MICHIGAN STATE SOCKS IT TO MICHIGAN, 23-12
Old-Fashioned Ground Attack Yields Victory
By Wayne DeNeff
EAST LANSING—Michigan State was ready!
Perhaps that’s about the best way to describe the shocking result here yesterday as Michigan State slammed Michigan, 23-12, in the 52nd renewal of the famed football classic before a sellout crowd of 79,368.
It was a superlative effort by the Spartans who were blocking, tackling and running the ball with great enthusiasm.
MSU followers were waiting for the Spartans to put everything together and this they did yesterday with no pass interceptions nor key penalties to mar their performance.
They did bobble the ball, like they have been prone to do this season, and Michigan came up with three of the five fumbles, twice turning them into scores.
But it wasn’t enough to turn the tide against the Spartans who apparently need only a striped helmet across the line of scrimmage to turn into ferocious executioners.
Michigan State Coach Duffy Daugherty junked the “veer-option offense” which had left the Spartans .500 in four games and went back to some old-fashioned power for which MSU is noted. The inspired Spartans responded like a kid with a new toy and crunched out 348 yards.
The MSU forwards punched out big holes in the Michigan line, giving halfback Don Highsmith and quarterback Bill Triplett plenty of running room and they gained 129 yards and 142 yards, respectively.
“We just played poor football,” said Michigan Coach Bo Schembechler. “We anticipated their running the football but just didn’t do the job of stopping them in the first half.”
Daugherty said he was real pleased the way his team “took charge” offensively.
On a windy day made for ground warfare, the Spartans disdained the pass.
Triplett threw only four passes, completing one for seven yards.
In the second quarter, Highsmith scored on a two-yard run at the end of an 80-yard drive and Triplett on a 10-yard run following the recovery of a Michigan fumble on the Wolverines’ 32. The scores followed Tim Killian’s 29-yard field goal for Michigan near the start of the period.
Gary Boyce’s extra-point kicks made it 14-3 and the Spartans went ahead 16-3 when on the kickoff after their second TD, Glenn Doughty caught the ball on the one-yard line and made a mistake, stepping into the Michigan end zone to down the ball for a safety.
Highsmith, who had gained precious little yardage for the Spartans in the three games since the opener, continued to power up the middle in the third quarter and capped a 60-yard drive with a four-yard smash into the end zone after he had carried seven of the nine plays in the drive for a total of 42 yards. Boyce again provided the extra point.
Michigan rallied in the fourth quarter and Doughty ran seven yards around end for the Wolverines’ lone touchdown after Frand Gusich had recovered a Highsmith fumble at the MSU 23.
With the score 23-10 following Frank Titas’ extra-point kick, there still was hope for the Wolverines. Only 3:42 had elapsed in the fourth quarter.
But the Wolverines used up most of the remaining time to drive 85 yards in 24 plays only to be denied on fourth-and-goal at the MSU one-yard line when quarterback Don Moorhead was stopped short by the center of the charged-up Michigan State line.
With their backs to the wall, the Spartans took no chance on a blocked kick.
Sophomore punter Pat Miller of Menominee who is attending MSU on a basketball scholarship and had a fine day against the Wolverines (43-yard average on five punts), simply stepped out of the end zone for a safety and the Spartans still had a sizeable lead, 23-12, and had the opportunity of kicking off from their 20-yard line.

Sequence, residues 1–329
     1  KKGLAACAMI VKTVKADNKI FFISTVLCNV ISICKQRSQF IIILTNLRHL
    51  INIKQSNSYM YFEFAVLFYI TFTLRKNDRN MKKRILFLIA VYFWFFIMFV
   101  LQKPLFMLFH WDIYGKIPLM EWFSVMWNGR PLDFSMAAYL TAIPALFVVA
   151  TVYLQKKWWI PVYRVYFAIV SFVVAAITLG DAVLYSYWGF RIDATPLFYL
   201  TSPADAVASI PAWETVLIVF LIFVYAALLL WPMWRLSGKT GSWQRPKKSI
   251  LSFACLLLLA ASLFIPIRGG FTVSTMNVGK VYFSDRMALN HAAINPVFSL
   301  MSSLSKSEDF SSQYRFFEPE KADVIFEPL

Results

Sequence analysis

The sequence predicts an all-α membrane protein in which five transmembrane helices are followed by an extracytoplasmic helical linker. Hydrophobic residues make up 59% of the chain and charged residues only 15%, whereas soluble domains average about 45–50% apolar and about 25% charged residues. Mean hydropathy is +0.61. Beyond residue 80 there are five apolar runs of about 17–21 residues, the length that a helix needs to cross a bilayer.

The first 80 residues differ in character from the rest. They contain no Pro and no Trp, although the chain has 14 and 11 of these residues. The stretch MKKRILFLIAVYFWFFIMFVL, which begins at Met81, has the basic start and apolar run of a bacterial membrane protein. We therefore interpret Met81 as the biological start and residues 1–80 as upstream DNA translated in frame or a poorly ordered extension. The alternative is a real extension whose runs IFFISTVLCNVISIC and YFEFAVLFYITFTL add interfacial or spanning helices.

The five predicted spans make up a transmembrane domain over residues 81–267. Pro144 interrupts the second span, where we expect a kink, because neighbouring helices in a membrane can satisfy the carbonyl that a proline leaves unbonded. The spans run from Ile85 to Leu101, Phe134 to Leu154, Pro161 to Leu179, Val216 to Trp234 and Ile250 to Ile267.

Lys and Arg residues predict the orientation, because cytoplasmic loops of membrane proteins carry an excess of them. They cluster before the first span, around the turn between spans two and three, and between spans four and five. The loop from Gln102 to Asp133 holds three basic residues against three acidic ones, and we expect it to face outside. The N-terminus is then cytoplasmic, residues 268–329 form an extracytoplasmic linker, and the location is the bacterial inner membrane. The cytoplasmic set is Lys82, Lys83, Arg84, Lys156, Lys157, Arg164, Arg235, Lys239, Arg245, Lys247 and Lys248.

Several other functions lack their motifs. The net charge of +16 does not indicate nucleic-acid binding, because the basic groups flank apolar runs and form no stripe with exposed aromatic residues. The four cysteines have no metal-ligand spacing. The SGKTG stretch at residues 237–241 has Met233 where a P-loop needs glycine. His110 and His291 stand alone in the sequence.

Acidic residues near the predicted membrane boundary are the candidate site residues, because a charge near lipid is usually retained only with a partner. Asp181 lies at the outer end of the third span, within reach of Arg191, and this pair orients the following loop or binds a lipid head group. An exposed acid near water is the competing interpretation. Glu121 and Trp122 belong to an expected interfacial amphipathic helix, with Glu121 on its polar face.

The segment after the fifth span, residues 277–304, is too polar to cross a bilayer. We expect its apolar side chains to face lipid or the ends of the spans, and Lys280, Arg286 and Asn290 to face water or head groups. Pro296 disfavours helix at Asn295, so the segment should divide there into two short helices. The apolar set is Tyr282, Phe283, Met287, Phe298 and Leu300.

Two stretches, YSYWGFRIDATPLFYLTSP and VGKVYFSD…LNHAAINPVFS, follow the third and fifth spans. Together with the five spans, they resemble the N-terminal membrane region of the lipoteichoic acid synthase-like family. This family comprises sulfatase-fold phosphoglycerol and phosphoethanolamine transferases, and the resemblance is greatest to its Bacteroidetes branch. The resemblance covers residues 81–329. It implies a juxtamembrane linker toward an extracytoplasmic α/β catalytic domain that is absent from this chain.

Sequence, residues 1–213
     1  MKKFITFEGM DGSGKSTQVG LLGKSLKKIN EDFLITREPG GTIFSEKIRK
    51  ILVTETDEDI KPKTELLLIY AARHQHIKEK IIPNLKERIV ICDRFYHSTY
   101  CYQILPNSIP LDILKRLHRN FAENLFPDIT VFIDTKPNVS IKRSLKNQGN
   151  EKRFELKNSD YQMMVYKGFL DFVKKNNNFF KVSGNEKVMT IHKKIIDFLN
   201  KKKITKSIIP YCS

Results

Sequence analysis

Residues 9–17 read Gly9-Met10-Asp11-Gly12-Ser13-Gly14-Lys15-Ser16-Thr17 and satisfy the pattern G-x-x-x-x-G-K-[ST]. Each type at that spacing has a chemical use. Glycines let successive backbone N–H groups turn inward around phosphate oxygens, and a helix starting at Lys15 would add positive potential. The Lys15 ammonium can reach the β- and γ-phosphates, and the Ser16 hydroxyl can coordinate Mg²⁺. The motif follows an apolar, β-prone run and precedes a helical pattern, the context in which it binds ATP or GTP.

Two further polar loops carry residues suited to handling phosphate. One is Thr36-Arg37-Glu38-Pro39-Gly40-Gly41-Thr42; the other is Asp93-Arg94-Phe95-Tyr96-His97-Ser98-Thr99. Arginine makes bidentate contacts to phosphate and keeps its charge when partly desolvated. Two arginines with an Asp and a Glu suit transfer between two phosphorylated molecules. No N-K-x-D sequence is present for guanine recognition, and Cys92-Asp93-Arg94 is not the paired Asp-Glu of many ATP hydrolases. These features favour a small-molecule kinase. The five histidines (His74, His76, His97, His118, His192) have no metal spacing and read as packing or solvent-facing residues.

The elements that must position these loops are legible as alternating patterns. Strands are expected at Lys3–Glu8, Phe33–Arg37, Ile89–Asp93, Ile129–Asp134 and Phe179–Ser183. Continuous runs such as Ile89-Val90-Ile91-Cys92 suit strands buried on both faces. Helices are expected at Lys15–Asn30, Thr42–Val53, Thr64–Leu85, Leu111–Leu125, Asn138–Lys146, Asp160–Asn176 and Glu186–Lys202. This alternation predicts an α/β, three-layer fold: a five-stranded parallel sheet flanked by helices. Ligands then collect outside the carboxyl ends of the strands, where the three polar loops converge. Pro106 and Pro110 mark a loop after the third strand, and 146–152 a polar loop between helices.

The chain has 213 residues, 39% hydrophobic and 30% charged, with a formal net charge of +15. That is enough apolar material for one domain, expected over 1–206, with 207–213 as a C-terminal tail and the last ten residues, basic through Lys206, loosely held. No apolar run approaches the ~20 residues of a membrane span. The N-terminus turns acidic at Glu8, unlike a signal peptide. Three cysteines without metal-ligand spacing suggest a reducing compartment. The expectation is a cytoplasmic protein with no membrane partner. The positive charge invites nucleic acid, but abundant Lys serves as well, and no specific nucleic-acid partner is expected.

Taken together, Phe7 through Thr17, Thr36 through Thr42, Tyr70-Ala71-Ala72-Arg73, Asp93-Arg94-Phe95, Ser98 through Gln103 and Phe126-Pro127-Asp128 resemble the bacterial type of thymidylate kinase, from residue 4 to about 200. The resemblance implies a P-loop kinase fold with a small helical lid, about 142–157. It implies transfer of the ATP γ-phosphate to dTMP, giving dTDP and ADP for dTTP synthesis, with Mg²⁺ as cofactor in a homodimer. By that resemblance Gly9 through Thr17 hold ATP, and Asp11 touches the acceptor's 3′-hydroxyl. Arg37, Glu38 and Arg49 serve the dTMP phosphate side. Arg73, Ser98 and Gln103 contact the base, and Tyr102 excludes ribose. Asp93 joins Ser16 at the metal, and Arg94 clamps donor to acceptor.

Michigan made a desperate bid but came up short in its try for a first down and the ball went over to MSU just before the end of the game.
While MSU had one of its finest moments holding on the one-yard line as Michigan battled to get back in the game, Michigan also put up a determined goal-line stand near the end of the first half, stopping a 69-yard MSU drive at the two.
By carrying the ball 30 times, Highsmith was just one carry short of the MSU record 31 set by Frank Waters against Santa Clara in 1947.
Both teams moved the ball pretty well in the first quarter but it was all between the 20-yard lines and then Michigan got the game’s first break when tackle Fred Grambau grabbed Highsmith’s fumble at the Michigan State 30 late in the period.
MSU held, however, and Michigan got on the board with Killian’s field goal.
Killian’s kick came only 41 seconds into the second quarter and the rest of that period belonged strictly to the Spartans.
Frank Foreman, who normally plays split end but was at slotback yesterday, started the first TD drive by racing 14 yards with a pitchout from Triplett.
The Spartans slowed a bit near midfield but Triplett again provided a spark by getting a yard for a first down at the Wolverine 39.
Then Triplett on a keeper went from the 33 to the six and two plays later Highsmith scored.
MSU got the next big break when Moorhead fumbled four plays after the kickoff and this time the Spartans had a touchdown in six plays with Triplett threading his way into the end zone from the 10.
PHOTO CAPTION 1: Finding Room: Michigan State quarterback Bill Triplett finds running room around end against Michigan in the third quarter. The Spartan is following guard Ron Saul (70) for a sizeable gain. Triplett, who gained 142 yards in 18 carries and directed Michigan State to a 23-12 victory, was voted the game ball by his offensive teammates.
PHOTO CAPTION 2: Topsy-Turvy: With his feet knocked out from under him, Michigan State’s Don Highsmith is somersaulted in the third quarter by a host of Michigan tacklers. Combining to make the stop at the line of scrimmage are Wolverines Fred Grambau (92), Ed Moore (97), Marty Huff (70) and Tom Darden (35). (Ann Arbor News photo by Jack Stubbs).
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